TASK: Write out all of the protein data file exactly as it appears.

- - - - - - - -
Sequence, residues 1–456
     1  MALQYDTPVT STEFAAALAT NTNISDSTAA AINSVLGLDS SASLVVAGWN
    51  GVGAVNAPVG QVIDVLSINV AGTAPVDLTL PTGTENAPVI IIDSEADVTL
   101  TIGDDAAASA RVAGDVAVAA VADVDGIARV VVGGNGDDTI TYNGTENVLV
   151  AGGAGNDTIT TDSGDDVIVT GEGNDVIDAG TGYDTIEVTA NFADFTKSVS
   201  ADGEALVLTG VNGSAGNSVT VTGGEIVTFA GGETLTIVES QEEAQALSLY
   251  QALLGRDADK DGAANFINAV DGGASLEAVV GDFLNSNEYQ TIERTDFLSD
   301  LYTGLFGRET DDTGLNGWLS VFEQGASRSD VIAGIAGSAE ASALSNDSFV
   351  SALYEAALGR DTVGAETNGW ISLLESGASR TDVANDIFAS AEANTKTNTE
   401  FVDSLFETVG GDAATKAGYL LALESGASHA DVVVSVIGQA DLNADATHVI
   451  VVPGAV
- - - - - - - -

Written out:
Sequence, residues 1–456
     1  MALQYDTPVT STEFAAALAT NTNISDSTAA AINSVLGLDS SASLVVAGWN
    51  GVGAVNAPVG QVIDVLSINV AGTAPVDLTL PTGTENAPVI IIDSEADVTL
   101  TIGDDAAASA RVAGDVAVAA VADVDGIARV VVGGNGDDTI TYNGTENVLV
   151  AGGAGNDTIT TDSGDDVIVT GEGNDVIDAG TGYDTIEVTA NFADFTKSVS
   201  ADGEALVLTG VNGSAGNSVT VTGGEIVTFA GGETLTIVES QEEAQALSLY
   251  QALLGRDADK DGAANFINAV DGGASLEAVV GDFLNSNEYQ TIERTDFLSD
   301  LYTGLFGRET DDTGLNGWLS VFEQGASRSD VIAGIAGSAE ASALSNDSFV
   351  SALYEAALGR DTVGAETNGW ISLLESGASR TDVANDIFAS AEANTKTNTE
   401  FVDSLFETVG GDAATKAGYL LALESGASHA DVVVSVIGQA DLNADATHVI
   451  VVPGAV